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1. 2 The primary Objective of IDEAL LDL-C Simvastatin 20-40 mg/d Atorvastatin 80 mg/d risk CHD In stable CHD patients IDEAL: The Incremental Decrease.

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Presentation on theme: "1. 2 The primary Objective of IDEAL LDL-C Simvastatin 20-40 mg/d Atorvastatin 80 mg/d risk CHD In stable CHD patients IDEAL: The Incremental Decrease."— Presentation transcript:

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2 2 The primary Objective of IDEAL LDL-C Simvastatin 20-40 mg/d Atorvastatin 80 mg/d risk CHD In stable CHD patients IDEAL: The Incremental Decrease in End Points through Aggressive Lipid Lowering CHD: coronary heart disease.

3 3 Reduction in the primary endpoint was not statistically significant. Reduction in the secondary endpoint was statistically significant in favor of atorvastatin. No statistically significant differences were seen in all- cause mortality, cardiovascular mortality, or noncardiovascular mortality between the 2 treatment groups. Results of the IDEAL Study :

4 4 Methods

5 5 Study design Multicenter. Prospective. Randomized. Open-label. Blinded end-point classification trial (PROBE design)

6 6 March 1999- March 2001 9,689 screened 416 246 unwilling to participate 14 lost to follow-up 125 other 8888 randomized 4449 Simvastatin 20 mg/d 4439 atorvastatin 80 mg/d Men + women aged 80 years or younger with a history of a definite MI. and qualified for statin therapy. 801 excluded Contraindications. Previous intolerance to low/high doses. Liver enzyme levels >2 times the normal. Pregnancy or breastfeeding. Nephrotic syndrome. Uncontrolled D.M. Uncontrolled hypothyroidism. Plasma TG > 600 mg/dL(6.8 mmol/L). CHF. GIT conditions affecting absorption of drugs. Hemodynamically VHD. Treatment with other drugs that seriously. affect the pharmacokinetics of statins. Treatment with other lipid lowering drugs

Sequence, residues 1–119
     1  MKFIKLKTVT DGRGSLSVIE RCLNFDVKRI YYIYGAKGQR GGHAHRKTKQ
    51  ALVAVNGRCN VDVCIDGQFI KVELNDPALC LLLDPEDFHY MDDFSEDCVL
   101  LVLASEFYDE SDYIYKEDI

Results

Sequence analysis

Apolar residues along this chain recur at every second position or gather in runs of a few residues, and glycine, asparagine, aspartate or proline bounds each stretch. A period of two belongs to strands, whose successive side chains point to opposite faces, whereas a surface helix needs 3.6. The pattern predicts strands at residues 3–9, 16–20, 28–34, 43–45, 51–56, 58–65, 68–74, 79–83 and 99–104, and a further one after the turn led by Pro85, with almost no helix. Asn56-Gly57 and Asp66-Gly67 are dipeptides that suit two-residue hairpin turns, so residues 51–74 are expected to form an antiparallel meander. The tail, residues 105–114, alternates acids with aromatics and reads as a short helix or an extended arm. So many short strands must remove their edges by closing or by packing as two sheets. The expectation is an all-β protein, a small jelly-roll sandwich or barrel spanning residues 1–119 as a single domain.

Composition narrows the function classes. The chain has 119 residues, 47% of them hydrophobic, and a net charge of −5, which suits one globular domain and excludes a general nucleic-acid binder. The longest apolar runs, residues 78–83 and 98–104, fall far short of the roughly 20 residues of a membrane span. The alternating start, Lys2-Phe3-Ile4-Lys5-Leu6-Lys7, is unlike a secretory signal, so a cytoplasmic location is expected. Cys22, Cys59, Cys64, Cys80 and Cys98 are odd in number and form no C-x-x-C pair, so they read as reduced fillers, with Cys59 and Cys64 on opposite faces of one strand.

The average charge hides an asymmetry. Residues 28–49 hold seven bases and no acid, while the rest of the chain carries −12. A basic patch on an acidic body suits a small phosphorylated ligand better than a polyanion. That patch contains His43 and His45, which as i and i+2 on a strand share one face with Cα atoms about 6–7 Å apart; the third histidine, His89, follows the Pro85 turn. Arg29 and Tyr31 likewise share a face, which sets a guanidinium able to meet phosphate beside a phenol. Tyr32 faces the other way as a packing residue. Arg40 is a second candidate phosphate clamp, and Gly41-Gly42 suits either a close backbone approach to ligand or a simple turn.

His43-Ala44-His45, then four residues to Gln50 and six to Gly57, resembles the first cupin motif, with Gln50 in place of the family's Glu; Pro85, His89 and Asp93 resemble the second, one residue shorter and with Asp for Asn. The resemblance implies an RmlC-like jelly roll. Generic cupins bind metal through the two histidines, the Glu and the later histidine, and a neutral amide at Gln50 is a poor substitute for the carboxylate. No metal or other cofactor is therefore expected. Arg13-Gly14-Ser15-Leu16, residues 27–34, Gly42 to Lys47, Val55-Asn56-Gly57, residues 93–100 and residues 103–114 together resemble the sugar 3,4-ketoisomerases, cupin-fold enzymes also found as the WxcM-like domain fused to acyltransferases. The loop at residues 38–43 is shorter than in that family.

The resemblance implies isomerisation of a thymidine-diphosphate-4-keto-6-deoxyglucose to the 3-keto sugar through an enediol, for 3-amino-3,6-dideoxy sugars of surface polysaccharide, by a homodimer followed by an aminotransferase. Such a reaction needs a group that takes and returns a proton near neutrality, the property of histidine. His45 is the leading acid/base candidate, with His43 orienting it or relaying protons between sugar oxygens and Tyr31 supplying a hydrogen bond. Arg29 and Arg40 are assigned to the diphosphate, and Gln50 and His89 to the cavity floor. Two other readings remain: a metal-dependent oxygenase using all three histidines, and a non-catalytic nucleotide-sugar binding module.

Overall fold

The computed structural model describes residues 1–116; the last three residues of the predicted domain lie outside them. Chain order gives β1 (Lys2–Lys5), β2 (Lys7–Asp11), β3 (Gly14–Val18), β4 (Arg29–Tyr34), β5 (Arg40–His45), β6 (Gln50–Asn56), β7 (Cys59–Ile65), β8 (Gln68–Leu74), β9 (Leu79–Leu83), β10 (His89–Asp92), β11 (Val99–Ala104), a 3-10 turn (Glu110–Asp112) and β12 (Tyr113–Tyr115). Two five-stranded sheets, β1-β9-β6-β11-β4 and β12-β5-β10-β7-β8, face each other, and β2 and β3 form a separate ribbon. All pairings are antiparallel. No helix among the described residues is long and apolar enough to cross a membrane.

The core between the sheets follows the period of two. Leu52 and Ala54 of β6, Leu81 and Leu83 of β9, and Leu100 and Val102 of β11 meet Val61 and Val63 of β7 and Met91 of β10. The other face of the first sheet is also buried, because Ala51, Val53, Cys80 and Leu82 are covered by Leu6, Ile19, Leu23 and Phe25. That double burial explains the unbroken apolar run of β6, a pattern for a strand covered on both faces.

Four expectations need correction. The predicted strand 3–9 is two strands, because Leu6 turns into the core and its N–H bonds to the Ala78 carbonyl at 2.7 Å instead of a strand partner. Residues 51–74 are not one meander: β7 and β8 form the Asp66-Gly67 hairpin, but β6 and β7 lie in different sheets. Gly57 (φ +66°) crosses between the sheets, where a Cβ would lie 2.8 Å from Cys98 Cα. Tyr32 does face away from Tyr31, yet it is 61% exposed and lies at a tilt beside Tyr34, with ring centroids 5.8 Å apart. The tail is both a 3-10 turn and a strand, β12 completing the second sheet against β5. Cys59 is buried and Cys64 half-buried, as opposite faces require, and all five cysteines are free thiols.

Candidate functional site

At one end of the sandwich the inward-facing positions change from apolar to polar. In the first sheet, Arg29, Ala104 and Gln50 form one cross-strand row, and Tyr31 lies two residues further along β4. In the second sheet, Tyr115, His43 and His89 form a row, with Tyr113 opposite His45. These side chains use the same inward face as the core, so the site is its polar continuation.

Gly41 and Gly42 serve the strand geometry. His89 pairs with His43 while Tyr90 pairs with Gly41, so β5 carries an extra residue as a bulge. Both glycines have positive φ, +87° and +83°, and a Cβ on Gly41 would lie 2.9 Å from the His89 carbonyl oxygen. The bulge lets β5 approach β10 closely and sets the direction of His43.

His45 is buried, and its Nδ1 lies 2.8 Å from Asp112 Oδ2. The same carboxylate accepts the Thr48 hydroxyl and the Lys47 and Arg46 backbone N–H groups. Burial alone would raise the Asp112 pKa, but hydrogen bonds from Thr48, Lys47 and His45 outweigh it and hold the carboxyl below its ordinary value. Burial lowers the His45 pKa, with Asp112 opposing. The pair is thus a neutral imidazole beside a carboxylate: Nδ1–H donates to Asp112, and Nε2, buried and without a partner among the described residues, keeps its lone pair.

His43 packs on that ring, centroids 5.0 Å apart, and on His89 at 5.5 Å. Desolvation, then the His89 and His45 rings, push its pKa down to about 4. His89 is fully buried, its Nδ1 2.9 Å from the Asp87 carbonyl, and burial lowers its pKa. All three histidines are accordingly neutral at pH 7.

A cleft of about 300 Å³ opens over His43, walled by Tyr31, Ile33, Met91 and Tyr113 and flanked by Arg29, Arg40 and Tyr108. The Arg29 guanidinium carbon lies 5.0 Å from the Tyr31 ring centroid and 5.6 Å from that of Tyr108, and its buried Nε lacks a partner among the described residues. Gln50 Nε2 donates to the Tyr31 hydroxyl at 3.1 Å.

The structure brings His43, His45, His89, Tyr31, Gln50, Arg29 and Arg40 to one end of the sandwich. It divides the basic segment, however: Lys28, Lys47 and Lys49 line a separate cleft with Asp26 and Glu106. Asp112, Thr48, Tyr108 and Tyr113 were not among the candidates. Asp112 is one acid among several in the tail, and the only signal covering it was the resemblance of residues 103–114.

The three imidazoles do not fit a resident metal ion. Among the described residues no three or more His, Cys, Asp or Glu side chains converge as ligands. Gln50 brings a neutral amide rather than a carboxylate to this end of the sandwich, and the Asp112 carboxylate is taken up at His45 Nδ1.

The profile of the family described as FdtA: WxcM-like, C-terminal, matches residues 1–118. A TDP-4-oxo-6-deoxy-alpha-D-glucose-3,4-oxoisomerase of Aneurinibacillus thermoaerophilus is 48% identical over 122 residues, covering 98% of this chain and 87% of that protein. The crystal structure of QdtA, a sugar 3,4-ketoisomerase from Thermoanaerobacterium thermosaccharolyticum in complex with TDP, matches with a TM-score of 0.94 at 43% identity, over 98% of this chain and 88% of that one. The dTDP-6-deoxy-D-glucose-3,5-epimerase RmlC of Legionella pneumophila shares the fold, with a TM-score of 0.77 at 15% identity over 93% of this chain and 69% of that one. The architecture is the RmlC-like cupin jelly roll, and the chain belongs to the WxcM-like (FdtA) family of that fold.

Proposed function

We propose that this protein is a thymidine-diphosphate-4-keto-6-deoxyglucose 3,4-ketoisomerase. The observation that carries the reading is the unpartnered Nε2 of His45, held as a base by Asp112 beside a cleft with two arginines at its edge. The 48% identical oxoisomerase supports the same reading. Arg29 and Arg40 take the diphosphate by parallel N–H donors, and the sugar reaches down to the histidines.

7 7 Follow-up Patients were followed up at the centers after : 12 and 24 weeks and every 6 months thereafter. If, at 24 wks, plasma total cholesterol level was > 190mg/dl ( 5 mmol/L) The dose of Simvastatin may be to 40 mg / d If the atorvastatin group experience adverse effects : The dose may to 40 mg/d LDL-C decreased to less than 39 mg/dL (1.0 mmol/L), an investigator would be notified and could consider reducing the statin dose.

8 8 Study outcomes Primary clinical outcome : major coronary event was time to first occurrence of a major coronary event, defined as : Coronary death. Hospitalization for nonfatal acute MI, or cardiac arrest with resuscitation.

9 9 Cont’. Secondary clinical outcomes : ( 1) Major cardiovascular events : Any primary event + stroke. (2) Any CHD event : Any primary event. Any coronary revascularization procedure. Hospitalization for unstable angina. (3) Any cardiovascular events : Hospitalization with a primary diagnosis of CHF and PAD, defined as new clinical diagnosis or hospitalization for such disease. All cause mortality. CFH: congestive heart failure. PAD: peripheral arterial disease.

10 10 Results